Title page for ETD etd-05162007-173100


Type of Document Master's Thesis
Author Godara, Jaideep
URN etd-05162007-173100
Title The Efficacy of Knowledge Sharing: Centralized Vs. Self-Organizing Online Communities
Degree Master of Science
Department Industrial and Systems Engineering
Advisory Committee
Advisor Name Title
Kavanaugh, Andrea L. Committee Chair
Kleiner, Brian M. Committee Co-Chair
Smith-Jackson, Tonya L. Committee Member
Keywords
  • Weblogs
  • Discussion forums
  • Communities of Practice
  • Online communities
  • Legitimate Peripheral Participation
  • Knowledge Sharing
  • Weak-ties
  • Public Deliberation
Date of Defense 2007-05-04
Availability restricted
Abstract
This study investigates the impact of an online community’s control structure on the knowledge sharing process in that community. Using a framework comprised of legitimate peripheral participation theory and the weak-ties phenomenon, the study focuses on a comparative analysis of self-organizing online communities (e.g., weblog networks) and centralized online communities (e.g., discussion forums communities) with respect to the efficacy of knowledge sharing in these communities. The findings of this study indicate that self-organizing communities of practice have more weak-ties among their members compared to centralized communities. As per weak-ties theory of Granovetter (1973, 1983), these findings suggest that self-organizing communities facilitate greater dissemination of knowledge and flow of information among their members than centralized communities. The abundance of weak-ties in their community structure also makes self-organizing communities better environments for the discovery of new information compared to centralized community environments.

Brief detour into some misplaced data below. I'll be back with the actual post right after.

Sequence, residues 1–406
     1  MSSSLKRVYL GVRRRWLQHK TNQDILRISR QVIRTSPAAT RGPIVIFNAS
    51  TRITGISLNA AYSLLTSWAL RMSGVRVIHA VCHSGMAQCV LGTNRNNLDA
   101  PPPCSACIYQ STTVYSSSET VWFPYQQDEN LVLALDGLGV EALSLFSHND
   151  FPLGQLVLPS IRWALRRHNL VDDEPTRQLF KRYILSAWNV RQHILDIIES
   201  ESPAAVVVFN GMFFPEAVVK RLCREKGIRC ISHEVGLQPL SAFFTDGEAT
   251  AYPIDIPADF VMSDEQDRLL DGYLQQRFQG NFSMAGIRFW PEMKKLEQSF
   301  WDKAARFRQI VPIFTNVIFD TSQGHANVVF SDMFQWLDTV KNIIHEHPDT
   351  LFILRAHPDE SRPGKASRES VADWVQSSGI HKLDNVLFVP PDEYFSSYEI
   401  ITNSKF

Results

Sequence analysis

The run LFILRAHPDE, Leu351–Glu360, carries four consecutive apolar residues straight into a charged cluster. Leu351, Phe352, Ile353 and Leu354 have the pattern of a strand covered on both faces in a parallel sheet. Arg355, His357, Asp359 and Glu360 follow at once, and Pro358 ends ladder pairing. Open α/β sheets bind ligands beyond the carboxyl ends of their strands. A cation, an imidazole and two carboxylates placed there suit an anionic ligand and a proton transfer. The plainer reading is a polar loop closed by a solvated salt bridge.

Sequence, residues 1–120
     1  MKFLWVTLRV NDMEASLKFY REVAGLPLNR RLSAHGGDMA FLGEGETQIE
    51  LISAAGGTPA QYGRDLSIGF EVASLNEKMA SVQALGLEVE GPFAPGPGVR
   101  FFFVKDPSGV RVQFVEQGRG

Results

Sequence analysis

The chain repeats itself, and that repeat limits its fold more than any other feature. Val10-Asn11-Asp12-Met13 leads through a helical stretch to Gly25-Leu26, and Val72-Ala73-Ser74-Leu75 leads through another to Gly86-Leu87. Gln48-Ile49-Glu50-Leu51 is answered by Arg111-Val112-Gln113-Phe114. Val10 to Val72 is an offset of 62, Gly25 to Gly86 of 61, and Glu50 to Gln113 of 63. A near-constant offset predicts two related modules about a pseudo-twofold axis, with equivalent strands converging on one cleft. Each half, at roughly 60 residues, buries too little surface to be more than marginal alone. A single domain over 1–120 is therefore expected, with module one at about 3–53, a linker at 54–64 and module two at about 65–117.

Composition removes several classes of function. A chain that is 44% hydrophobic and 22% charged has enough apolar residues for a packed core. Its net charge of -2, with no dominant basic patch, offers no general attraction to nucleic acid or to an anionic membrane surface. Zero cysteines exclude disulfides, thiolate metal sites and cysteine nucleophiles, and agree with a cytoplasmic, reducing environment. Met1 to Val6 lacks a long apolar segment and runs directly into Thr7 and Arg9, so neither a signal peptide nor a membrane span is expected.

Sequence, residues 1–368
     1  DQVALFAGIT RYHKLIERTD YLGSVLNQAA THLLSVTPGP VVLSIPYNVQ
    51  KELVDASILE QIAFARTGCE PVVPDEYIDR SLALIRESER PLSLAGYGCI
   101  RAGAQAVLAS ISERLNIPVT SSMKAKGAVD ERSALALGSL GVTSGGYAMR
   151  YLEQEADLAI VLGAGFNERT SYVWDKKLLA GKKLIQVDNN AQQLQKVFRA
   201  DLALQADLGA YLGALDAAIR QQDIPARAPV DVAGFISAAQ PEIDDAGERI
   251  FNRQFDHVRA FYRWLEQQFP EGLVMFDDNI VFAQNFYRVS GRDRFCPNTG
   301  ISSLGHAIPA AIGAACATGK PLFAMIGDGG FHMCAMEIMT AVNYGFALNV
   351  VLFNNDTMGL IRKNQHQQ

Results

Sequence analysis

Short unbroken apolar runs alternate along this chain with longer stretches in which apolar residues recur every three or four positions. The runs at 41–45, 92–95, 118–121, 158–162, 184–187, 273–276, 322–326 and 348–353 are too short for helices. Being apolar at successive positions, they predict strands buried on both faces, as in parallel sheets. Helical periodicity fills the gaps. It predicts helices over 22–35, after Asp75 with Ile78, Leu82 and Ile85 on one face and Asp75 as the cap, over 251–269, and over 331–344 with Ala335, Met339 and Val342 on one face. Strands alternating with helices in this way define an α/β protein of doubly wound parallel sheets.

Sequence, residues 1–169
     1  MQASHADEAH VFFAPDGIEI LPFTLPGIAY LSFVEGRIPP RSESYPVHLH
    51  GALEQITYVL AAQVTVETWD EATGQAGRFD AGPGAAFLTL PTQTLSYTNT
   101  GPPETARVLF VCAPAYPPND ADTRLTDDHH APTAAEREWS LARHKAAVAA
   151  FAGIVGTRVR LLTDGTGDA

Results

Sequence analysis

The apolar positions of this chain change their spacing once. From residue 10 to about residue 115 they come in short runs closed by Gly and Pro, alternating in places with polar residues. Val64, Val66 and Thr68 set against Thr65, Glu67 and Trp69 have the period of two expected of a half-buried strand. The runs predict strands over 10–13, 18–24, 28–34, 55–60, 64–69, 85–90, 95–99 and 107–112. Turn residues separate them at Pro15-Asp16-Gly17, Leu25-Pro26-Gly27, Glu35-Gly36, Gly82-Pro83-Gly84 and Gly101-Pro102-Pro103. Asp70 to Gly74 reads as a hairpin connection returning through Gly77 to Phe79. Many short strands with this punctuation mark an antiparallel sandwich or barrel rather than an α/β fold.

This study did not find any evidence of community structure impact on peripheral participation and the interaction activity level among peripheral participants of a given online community. These observations may have stemmed from the limitations of research design, however, it is safe to say as of now that verdict on peripheral participation differences in different community structures is inconclusive at best.

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